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University forced to do online classes


Derry Connolly PhD, president & professor of business at JPCatholic University.

‘What was true isn’t true anymore’

John Paul the Great Catholic University, the Escondido-based university that was prepared to offer in-person classes as the new semester commences, this week quickly had to retool and retreat in the face of a changing County policy. 

Derry Connolly PhD, president & professor of business at JPCatholic, told The Times-Advocate, “The County had OK’d in person classes. A week later they changed their mind. We have to go back online. What was true isn’t true anymore.”

He added, “It’s extremely frustrating! Most of our 250 students have returned to Escondido. All of these guys were going on the information that we had shared and which the county had posted.”

So once more the university’s halls will be empty, although school officials can continue to operate out of their offices along Grand Avenue. “We just can’t have any kind of student gatherings,” said Connolly.

If this seems to fly in the face of the announcement by the State Superintendent of Public Instruction Tony Thurmond who on June 8 released “Guidance for Safe Reopening of California’s Public Schools” which the university took to mean provided a path for reopening. 

So did the County, apparently, and the San Diego County public health office (SDCPHO) issued a press-release announcing their approval for the reopening of colleges and universities as early as June 12. The university immediately communicated this approval to students and faculty.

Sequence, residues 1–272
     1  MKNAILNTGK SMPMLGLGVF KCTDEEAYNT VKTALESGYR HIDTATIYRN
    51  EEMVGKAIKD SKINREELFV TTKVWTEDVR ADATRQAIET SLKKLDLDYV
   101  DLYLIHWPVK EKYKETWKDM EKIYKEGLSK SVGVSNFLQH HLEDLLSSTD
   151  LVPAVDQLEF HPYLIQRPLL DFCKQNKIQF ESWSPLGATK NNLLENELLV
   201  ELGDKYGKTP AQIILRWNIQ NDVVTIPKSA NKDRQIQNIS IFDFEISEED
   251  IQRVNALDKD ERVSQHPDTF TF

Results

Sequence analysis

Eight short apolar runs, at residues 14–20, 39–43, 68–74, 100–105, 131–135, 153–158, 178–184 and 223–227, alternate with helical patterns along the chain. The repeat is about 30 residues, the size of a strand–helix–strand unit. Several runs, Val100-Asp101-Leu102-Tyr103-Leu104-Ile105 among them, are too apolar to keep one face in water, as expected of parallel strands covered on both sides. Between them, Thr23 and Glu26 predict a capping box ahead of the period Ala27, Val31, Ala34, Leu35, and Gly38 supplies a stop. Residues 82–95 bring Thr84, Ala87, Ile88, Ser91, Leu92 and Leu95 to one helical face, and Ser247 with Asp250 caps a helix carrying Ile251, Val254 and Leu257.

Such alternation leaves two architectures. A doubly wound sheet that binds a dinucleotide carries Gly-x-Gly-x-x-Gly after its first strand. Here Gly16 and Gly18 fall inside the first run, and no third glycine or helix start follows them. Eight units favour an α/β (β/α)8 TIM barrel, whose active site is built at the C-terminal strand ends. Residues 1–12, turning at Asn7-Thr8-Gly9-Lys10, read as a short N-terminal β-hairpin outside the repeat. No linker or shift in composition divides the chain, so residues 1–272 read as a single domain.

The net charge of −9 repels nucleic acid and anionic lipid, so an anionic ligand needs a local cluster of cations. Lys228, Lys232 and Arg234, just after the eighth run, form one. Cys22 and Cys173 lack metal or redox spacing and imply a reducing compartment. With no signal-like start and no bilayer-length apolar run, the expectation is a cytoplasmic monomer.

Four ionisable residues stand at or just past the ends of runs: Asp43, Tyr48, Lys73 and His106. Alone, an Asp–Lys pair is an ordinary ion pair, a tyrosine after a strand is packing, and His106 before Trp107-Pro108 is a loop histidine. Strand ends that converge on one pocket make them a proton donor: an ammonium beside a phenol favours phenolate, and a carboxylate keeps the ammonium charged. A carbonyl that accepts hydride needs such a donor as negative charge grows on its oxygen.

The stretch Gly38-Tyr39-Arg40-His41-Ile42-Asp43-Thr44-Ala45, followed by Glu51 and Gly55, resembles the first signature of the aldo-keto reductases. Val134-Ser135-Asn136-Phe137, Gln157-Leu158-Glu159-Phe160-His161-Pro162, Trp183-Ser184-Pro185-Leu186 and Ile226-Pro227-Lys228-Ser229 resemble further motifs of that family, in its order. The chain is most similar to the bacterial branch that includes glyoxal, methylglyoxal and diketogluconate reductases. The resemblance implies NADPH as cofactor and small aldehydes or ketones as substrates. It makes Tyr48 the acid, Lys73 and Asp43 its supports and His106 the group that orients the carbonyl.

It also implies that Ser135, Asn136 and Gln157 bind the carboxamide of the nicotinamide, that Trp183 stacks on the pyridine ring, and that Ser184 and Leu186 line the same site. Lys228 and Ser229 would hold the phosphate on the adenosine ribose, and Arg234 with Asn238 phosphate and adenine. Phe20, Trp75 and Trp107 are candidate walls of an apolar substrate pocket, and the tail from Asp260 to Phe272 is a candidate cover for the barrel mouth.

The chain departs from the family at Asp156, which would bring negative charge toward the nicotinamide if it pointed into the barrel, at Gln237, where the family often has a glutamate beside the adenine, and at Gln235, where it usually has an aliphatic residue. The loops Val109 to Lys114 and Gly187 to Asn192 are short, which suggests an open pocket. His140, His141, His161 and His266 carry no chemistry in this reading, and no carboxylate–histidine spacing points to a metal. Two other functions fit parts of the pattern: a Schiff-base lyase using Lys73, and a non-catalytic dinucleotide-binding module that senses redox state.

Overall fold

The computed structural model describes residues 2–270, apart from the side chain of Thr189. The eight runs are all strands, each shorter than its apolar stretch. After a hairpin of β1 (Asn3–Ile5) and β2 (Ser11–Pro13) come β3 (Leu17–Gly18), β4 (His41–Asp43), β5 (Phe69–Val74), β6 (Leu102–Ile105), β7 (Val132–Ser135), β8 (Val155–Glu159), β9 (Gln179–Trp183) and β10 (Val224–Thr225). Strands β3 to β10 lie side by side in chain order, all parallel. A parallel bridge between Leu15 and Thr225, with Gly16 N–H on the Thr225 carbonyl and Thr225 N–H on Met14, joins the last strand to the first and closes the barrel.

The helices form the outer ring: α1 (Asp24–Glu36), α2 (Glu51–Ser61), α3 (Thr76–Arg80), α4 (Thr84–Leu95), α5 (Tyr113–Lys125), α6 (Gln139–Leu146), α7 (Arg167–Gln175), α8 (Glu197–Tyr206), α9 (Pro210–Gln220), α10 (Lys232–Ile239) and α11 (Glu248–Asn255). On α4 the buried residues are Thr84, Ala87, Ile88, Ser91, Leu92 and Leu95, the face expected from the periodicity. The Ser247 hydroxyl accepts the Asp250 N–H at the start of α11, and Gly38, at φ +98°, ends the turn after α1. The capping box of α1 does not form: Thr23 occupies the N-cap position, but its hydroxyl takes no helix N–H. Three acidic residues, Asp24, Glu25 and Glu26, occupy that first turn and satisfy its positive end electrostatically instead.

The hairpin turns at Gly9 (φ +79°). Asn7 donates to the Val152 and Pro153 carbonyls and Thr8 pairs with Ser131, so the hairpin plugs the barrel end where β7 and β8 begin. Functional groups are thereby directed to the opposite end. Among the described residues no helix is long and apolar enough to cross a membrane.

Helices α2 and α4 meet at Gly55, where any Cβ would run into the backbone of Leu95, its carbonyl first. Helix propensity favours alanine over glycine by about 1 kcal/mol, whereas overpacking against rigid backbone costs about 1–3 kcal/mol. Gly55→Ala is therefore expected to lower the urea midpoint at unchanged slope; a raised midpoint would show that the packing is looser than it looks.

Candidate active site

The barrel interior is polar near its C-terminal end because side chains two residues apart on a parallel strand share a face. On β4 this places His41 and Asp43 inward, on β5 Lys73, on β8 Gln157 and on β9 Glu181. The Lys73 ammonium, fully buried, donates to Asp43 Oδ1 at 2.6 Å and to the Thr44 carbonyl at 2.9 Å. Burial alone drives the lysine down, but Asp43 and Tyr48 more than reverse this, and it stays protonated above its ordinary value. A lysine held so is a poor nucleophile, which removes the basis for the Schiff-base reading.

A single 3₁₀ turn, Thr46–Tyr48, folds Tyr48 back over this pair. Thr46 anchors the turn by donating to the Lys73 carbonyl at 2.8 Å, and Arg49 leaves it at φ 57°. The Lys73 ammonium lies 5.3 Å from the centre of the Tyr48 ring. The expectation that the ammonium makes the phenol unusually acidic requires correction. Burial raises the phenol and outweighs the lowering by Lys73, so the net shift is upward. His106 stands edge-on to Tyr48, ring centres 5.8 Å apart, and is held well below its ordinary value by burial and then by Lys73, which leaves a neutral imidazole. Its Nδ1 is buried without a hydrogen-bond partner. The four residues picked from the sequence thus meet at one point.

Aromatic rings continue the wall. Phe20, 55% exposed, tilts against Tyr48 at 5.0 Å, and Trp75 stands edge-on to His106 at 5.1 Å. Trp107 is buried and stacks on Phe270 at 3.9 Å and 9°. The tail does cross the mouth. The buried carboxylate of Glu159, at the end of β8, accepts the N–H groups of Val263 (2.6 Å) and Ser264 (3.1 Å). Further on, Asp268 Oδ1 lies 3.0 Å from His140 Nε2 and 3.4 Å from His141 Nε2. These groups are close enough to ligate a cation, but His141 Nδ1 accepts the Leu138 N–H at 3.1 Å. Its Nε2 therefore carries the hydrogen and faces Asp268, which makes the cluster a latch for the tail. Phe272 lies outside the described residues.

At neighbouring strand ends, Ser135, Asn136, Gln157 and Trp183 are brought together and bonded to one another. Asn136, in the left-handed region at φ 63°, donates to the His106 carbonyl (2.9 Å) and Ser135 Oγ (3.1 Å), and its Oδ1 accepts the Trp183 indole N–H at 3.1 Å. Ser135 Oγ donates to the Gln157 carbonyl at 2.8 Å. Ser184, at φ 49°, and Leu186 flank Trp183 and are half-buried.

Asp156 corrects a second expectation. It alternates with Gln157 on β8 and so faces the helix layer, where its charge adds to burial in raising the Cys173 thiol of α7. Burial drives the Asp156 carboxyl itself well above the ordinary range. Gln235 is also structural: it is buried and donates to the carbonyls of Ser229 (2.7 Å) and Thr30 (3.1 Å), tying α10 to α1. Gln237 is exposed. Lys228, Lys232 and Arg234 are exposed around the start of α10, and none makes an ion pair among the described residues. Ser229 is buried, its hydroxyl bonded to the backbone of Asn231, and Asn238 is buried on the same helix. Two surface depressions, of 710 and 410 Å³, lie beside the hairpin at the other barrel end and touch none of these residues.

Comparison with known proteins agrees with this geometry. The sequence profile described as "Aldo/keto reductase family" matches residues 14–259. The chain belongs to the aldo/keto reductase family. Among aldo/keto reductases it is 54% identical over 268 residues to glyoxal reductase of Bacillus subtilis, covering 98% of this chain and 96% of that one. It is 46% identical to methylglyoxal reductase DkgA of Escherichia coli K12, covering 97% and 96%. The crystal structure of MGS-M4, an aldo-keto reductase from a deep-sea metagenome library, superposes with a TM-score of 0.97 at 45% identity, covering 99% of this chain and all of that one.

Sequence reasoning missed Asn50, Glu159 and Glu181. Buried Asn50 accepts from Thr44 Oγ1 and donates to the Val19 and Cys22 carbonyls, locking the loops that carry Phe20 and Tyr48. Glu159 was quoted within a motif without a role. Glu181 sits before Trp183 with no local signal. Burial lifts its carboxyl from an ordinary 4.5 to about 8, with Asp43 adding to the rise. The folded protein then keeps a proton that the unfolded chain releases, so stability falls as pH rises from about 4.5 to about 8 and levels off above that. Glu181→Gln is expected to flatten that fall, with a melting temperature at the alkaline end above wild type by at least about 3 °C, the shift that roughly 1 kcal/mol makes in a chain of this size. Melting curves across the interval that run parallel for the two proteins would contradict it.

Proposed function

However, the SDCPHO changed its public statement and in-person higher education classes is now not allowed. The County is awaiting guidance from the State for the reopening of higher education

Dr. Connolly told The Times-Advocate, “We can’t do any campus gathering, although we could do off-campus gatherings, like inviting the kids to Daley Ranch or Grape Day Park. They are explicit on no on campus gatherings.”

With classes limited to online instruction, how is the quality of learning impacted?

“I break the students into two categories,” explained Dr. Connolly. “The gutsy and extremely driven can learn either way. But there is a significant percentage of the students who thrive in community. They are the ones that concern me.”

He believes the two groups break down about fifty-fifty. “It’s different for older people,” he said. “If you are 30-plus, you have a pretty defined agenda, but the huge challenge for college age kids is that they are in the growing up process, disciplining and learning which way is up.”

The online requirement could have a devastating effect on the university’s signature film production courses. “They face much difficulty,” said Connolly. “We have some classes this quarter that are pretty hands on. Professors are trying to figure out how to do that. I think many are hoping that this delay will be short term—and that in two or three weeks we will be open. That is the expectation.”

Dr. Connolly is critical about what he calls, “one set of law for one set of guys and another law for another set of guys. Protesters have one set of law. I go to church on Sunday and see this enormous building that has almost no one in it because of socially distance and then see the enormous parades of protesters.”

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